As the community faces more ICE raids and detentions, it appears that the Trump administration is not honoring the MoU—or the 1995 date it establishes. Advocates estimate the affected population—U.S. residents of Vietnamese origin, many of whom arrived as refugees, with removal orders—is over 10,000.

“The U.S. doesn’t seem to care about respecting the MoU as they just try to deport as many people as possible. We still don’t know if this will result in the ultimate deportation of those who came as refugees prior to 1995—that will be determined by the Vietnam government. But from what we can tell, this administration is pushing more aggressively for them to do it,” she says.

The fears wrought by this administration are par for the course, according to Dizon Mariategue. “All immigrants under Trump are living in constant fear,” she says.

Other advocates agreed.

“This confirms what we already know about Trump and this administration,” Huynh says. “Trump’s campaign promise was tied to separating families, to take a punitive approach to immigrants and refugees. The rescinding of DACA was coming and we knew that. … Now, it seems the U.S. is poised to step away from their 1995 agreement with the Vietnamese government as well.”

Many, like Orange County, California, resident Tung Nguyen, fear the Trump administration will ramp up efforts to separate Vietnamese families.

Nguyen, now 42, was a permanent U.S. resident when he says he fell in with the wrong crowd. He was convicted of charges related to a fatal robbery committed when he was 16 and ended up serving close to two decades at San Quentin State Prison. He was released in 2011 thanks to an executive order from Governor Jerry Brown. But as a non-citizen convicted of a crime, he was still subject to a removal order.

Now, Nguyen has a wife and child, and he is a vocal advocate against the school-to-prison pipeline that appears to funnel the children of underserved communities like his own into cyclical interactions with the justice system. In the little over six years since his release, he founded Asians and Pacific Islanders Reentry of Orange County, an organization that aims to address the stigma and other barriers that keep former prisoners from integrating back into their societies—and that lead, ultimately, to recidivism.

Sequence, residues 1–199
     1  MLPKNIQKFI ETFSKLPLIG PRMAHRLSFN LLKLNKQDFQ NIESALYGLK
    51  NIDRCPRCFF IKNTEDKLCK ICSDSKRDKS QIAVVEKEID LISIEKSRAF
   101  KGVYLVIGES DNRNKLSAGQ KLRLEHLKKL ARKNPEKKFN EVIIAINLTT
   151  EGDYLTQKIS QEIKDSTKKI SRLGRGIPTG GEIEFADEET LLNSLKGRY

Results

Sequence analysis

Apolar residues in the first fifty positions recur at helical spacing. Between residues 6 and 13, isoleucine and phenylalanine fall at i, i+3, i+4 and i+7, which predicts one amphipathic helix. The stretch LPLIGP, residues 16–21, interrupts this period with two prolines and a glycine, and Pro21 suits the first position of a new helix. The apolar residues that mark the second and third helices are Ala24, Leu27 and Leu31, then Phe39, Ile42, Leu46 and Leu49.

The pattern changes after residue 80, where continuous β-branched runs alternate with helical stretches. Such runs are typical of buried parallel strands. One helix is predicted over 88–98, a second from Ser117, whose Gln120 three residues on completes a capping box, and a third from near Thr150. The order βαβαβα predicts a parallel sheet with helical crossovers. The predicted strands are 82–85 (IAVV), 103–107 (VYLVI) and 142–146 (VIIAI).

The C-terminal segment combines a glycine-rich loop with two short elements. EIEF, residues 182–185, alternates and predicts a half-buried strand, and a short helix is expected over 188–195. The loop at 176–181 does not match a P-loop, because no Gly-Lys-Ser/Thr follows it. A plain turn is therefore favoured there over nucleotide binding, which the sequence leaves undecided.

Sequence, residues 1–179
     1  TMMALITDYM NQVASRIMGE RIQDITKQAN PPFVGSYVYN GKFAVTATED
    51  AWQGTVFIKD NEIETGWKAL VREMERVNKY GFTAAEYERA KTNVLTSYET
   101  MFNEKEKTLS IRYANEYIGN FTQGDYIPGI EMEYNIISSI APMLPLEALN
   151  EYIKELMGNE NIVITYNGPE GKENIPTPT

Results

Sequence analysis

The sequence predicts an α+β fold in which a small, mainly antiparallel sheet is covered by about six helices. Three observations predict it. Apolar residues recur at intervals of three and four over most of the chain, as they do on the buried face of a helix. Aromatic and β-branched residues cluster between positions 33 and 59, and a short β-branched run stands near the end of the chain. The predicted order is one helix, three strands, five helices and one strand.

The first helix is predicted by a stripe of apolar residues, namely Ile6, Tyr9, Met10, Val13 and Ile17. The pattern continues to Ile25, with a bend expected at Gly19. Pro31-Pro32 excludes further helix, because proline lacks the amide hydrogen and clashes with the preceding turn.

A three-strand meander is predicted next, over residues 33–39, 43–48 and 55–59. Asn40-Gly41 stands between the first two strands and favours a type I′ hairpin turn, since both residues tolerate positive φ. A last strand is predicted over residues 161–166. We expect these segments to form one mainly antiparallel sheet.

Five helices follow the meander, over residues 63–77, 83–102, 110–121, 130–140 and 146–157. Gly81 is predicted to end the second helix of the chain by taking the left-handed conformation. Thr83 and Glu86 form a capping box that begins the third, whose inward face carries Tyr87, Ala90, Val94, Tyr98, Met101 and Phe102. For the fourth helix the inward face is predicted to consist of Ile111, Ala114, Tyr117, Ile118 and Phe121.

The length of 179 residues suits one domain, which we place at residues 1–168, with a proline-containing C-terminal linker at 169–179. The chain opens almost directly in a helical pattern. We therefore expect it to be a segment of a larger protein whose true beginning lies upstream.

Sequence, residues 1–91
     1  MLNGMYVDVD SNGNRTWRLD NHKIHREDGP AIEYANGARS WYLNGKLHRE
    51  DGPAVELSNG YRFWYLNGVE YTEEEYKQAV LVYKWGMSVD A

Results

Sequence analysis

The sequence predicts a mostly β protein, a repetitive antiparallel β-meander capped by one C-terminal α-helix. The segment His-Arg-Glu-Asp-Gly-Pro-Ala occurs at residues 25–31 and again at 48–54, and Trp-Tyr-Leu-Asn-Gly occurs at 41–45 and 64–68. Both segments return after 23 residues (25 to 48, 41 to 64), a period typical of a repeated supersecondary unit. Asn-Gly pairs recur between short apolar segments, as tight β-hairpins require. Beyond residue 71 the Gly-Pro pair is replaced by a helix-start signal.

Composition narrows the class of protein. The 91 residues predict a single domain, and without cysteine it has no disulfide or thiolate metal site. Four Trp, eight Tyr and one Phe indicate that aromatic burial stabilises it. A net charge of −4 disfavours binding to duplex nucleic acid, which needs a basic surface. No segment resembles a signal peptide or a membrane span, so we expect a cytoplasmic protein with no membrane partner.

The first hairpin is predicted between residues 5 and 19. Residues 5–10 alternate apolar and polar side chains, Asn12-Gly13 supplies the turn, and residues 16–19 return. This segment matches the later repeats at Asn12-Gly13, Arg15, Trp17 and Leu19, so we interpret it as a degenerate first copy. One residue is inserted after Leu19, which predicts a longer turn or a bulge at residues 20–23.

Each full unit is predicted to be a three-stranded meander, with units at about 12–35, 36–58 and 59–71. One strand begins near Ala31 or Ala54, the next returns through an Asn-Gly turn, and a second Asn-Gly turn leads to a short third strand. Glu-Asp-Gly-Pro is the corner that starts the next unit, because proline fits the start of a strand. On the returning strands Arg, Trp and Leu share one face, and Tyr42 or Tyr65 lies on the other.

Many in the Southeast Asian-American advocacy community consider Nguyen to be a leading authority on and champion of the rights of former inmates, in particular juvenile delinquents. But with a final removal order, he worries his days may be numbered.

“Life is uncertain and fearful,” Nguyen says. “Uncertain, because you have no hope for the future—fearing for the day when I’m going to be torn from my family for something I did a long time ago, and I’ve paid my debt to society.”

Still, Nguyen remains hopeful. Dizon Mariategue’s SEARAC is advocating for members of Congress with voters in districts with large Vietnamese populations to denounce the deportations; Huynh is reaching out to his own community members. Together with other advocates, they are educating people about what to do when loved ones are detained for deportation.

“There’s sympathy in this country,” Nguyen says. “People give help when you ask for help.”